God had been pointing forward in the Old Testament Scriptures to the Promise and coming of the Messiah—it was a mystery because there was not full disclosure, but it was also something we could never have imagined. 

If I was going to plan a way to save the world—sending Jesus to the Cross would not have been how I pulled it off.  It truly is foolishness and a stumbling block.

Paul was asking people to pray that he have even more opportunities to explain this mystery.  It’s not something that is supposed to be kept secret but proclaimed from the rooftops.  He wants prayer for when those moments come, he will express it all clearly, reveal it powerfully in such a way that connects to the heart of the hearer(s).  This is despite the fact that it’s his efforts at explaining the Mystery is the very thing that has landed him in jail and got him in so much trouble—see 2 Corinthians 11:21-28 for a list of his experiences.
But those hardships also opened the door of opportunity.  For example see Philippians 1:12-13—“Now I want you to know, brothers, that what has happened to me has really served to advance the gospel.  As a result, it has become clear throughout the whole palace guard and to everyone else that I am in chains for Christ.”

Apparently, Paul’s guards were getting an earful; and in an opportune reversal, Paul was not the captive audience!  This is consistent with early church and Roman history that Christianity made significant advances among people in the military.

Paul is there being held for trial before Roman authorities, possibly Caesar himself because of his arrest in Jerusalem.  And he is not asking for justice or leniency but rather that he would be able to explain his cause, the Gospel, clearly: even to the officials deciding his fate.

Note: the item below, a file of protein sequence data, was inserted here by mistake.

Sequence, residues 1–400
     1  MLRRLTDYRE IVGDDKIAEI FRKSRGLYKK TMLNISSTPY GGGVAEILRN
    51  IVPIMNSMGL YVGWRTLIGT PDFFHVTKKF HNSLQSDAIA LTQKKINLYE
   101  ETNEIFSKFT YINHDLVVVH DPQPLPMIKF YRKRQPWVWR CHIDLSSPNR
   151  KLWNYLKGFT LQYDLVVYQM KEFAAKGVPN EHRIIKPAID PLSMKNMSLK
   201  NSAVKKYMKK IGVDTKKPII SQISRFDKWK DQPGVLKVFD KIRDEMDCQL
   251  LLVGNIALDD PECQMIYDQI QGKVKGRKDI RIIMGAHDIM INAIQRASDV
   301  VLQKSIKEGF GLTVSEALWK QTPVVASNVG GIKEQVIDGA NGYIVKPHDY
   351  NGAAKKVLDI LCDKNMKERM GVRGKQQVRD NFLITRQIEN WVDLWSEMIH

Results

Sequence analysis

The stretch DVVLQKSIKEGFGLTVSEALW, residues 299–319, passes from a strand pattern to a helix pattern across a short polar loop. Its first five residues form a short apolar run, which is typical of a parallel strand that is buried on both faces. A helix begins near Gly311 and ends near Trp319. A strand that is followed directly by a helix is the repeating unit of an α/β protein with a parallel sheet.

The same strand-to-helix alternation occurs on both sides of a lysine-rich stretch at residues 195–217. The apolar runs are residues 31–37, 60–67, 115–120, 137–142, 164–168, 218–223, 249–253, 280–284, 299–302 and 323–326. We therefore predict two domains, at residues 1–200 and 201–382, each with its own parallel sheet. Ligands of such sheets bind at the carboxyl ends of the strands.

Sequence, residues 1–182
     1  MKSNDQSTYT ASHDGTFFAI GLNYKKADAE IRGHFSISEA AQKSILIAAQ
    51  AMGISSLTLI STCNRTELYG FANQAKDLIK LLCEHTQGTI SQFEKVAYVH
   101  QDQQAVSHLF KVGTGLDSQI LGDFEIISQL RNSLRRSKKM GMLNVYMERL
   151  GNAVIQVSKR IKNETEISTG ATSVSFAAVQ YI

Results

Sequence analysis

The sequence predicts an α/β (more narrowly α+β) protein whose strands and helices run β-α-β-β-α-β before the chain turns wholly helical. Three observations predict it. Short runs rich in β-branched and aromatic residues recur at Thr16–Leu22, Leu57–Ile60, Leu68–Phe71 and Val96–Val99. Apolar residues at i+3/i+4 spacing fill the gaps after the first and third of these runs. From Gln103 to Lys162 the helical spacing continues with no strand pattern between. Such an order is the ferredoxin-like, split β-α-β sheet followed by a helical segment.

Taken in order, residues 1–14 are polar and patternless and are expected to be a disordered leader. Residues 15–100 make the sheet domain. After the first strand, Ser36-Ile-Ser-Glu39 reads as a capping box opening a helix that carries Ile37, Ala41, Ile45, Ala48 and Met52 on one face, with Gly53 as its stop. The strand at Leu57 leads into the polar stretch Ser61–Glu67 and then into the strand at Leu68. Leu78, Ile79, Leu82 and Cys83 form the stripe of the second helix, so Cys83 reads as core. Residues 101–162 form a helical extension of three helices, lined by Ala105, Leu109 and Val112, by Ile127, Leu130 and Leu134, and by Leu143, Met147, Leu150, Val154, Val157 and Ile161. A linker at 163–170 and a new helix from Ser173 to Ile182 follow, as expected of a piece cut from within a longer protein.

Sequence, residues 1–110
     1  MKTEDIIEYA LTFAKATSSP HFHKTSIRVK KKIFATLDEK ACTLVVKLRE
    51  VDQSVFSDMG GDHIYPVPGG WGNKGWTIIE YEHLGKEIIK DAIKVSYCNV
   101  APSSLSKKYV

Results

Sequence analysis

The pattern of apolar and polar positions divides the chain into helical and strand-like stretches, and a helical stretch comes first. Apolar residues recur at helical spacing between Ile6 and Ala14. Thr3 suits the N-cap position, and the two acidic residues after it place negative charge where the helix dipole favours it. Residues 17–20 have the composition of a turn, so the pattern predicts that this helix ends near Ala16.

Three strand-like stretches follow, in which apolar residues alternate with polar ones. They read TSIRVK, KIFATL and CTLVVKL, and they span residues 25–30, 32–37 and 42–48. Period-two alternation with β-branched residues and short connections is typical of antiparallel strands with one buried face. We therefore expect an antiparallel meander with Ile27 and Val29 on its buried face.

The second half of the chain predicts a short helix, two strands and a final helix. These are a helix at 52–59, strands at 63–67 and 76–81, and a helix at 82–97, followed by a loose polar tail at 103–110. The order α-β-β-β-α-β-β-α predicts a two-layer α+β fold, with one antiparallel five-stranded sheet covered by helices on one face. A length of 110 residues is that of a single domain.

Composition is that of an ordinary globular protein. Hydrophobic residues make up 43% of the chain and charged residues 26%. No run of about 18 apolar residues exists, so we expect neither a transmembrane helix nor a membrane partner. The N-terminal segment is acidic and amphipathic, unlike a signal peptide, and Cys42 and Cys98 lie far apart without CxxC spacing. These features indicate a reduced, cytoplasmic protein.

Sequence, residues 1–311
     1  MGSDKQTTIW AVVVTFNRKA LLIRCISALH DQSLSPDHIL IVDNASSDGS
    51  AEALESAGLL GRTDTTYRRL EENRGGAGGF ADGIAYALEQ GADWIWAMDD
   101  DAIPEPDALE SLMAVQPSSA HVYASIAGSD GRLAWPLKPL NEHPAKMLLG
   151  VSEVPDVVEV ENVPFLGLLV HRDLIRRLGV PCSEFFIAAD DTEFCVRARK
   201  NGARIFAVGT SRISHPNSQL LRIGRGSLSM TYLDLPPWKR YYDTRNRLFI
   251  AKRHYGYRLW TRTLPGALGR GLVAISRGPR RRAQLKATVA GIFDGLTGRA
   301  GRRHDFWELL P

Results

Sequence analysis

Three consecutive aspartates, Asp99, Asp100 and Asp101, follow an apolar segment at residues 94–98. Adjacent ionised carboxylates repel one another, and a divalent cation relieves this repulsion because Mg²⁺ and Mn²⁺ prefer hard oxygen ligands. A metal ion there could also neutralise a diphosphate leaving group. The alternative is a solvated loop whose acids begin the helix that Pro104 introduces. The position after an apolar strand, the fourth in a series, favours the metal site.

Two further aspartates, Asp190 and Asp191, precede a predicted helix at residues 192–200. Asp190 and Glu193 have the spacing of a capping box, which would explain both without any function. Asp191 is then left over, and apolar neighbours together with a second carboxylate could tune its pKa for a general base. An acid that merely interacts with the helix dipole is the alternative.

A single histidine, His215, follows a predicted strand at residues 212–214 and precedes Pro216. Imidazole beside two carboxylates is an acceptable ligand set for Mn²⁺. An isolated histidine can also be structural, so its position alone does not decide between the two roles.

In that regard, he returns to instructing and praying for his readers to “act wisely toward outsiders”.  He does this for a few reasons.  First, some outsiders to the cause of Christ are dangerous.  To them, we must follow the command of Jesus to be “wise as serpents and innocent as doves”—Matthew 10:16.  Second, while some outsiders are dangerous, not all of them are—do not turn everything into an “us v. them” mentality because that effects the third reason: 

All Outsiders are Potential Insiders

—and how you act toward or respond to them can make a difference.  If someone is going to reject the Gospel, Paul wants it to be because of the actual claims and teachings of Jesus—he doesn’t want to be the reason.  He understands, as we should, that many outsiders judge Jesus based not on Him or His teachings, but because of what they see out of us—the people who are supposed to be like Him.